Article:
We need to connect the dots to realise that climate change is a phenomenon that challenges us to overcome short-term visions and the empty rhetoric of “Mother Earth,” devoid of concrete actions. Climate change is a consequence of the violent exploitation of nature, of endless economic growth systems based on fossil fuel consumption, understood as an irreplaceable condition for human “welfare.” This obsolete idea has been inculcated into our lives on a social, a psychological and on a cultural level.

What can we do to finally get on board that the emissions from burning fossil fuels, of large scale cattle exploitation and of deforestation emissions—both in the North and in the South—are destroying our atmosphere? Where are the effective means of caring for the common goods kidnapped by corporations and the global addiction to unlimited growth? How long do we have to wait till the polluters begin to stop poisoning us and prevent worse consequences? When and how will there be compensation for the damage? (almost 71.5 percent of global emissions are from developed countries where only 17.3 percent of the world population reside). What can we do to avoid the likelihood that the so-called “development” of the global South will repeat that same destructive patterns (disguised by the promises of progress and of happiness)?

Unfortunately—and not only in Bolivia—this theme has become distorted. It became an issue of political and economic interest, rather than simply being recognised as a matter of life or death, a challenge for survival.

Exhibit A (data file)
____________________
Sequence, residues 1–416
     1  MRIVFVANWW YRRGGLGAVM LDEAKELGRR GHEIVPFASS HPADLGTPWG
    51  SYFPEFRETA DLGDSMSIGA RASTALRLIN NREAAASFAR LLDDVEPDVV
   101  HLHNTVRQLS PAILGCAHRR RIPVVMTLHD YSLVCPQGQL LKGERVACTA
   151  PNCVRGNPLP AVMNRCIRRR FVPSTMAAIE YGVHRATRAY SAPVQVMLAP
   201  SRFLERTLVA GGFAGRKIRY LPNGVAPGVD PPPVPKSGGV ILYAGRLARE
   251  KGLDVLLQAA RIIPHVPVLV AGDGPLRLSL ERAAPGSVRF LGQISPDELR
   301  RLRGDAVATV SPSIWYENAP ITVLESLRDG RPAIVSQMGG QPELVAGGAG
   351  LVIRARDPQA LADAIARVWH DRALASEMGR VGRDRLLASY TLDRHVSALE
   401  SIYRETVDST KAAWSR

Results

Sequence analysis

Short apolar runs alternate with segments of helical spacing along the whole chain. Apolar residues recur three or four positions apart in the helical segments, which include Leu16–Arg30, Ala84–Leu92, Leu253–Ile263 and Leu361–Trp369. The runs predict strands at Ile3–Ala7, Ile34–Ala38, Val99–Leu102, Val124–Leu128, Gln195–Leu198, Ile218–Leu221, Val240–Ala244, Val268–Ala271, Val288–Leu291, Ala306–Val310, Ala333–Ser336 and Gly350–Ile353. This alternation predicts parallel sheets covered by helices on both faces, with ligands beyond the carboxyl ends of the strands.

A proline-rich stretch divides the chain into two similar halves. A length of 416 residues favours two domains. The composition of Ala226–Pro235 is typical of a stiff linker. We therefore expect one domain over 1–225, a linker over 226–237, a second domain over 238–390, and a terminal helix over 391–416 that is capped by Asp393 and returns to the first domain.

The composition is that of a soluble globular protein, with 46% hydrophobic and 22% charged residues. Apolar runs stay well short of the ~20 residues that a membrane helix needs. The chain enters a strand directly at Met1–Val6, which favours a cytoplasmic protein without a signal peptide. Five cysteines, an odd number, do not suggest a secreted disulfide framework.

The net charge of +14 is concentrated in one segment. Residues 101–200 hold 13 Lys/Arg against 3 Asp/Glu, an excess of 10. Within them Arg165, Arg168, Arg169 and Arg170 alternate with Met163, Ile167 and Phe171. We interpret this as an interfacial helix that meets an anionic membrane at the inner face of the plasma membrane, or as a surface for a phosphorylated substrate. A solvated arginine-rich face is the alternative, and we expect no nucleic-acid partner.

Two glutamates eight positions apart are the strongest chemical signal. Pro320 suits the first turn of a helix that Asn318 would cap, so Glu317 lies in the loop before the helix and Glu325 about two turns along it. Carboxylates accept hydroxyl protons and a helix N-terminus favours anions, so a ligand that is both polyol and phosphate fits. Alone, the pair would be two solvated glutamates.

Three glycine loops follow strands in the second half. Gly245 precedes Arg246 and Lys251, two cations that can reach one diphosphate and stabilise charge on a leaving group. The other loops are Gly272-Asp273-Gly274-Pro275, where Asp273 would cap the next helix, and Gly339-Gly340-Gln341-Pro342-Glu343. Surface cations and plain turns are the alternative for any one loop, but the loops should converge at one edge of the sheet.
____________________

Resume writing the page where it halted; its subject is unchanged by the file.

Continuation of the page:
The Fifth IPCC report has established in an unequivocal way that climate change is caused by human activity and that it is causing climate chaos everywhere. This report has warned that climate change presents enormous risks related to the access to water, food and livelihood. Some scientists and activists have been highly critical of this report for being—when all is said and done—conservative in nature, especially when it comes to expressing the urgency of the matter. They note that climate change is occurring faster than the IPCC scenarios had indicated, and that the Arctic ice-melt—and its consequent methane release (one of the greatest global threats)—has been underestimated due to pressure mounted by the rich nations and by the oil lobby. Other voices are questioning the possibility that the IPCC report has opened up opportunities for false solutions like geoengineering and unproven technologies, instead of insisting in a stronger way on the restriction of the use of fossil fuels.

Denialism Around the World

In the context of this global emergency, surprisingly, a political/ideological current called “denialism” has emerged. Denialists claim that these phenomena do not correspond to the saturation of the atmosphere as a direct result of human action, rather they claim that it is simply due to the planet’s “natural cycles.” Denialists, as if we have need of such a service, have devoted their activism to denial of scientific reports. They have become a strong global current that accompanies the rhythms of economical development and investment, blaming environmentalists for creating unnecessary uncertainty. Their position is in essence linked with the corporate oil lobby, large corporations and private capital dedicated to the continued exploration for—and exploitation of—fossil fuels. Their political/industry alliances are indestructible.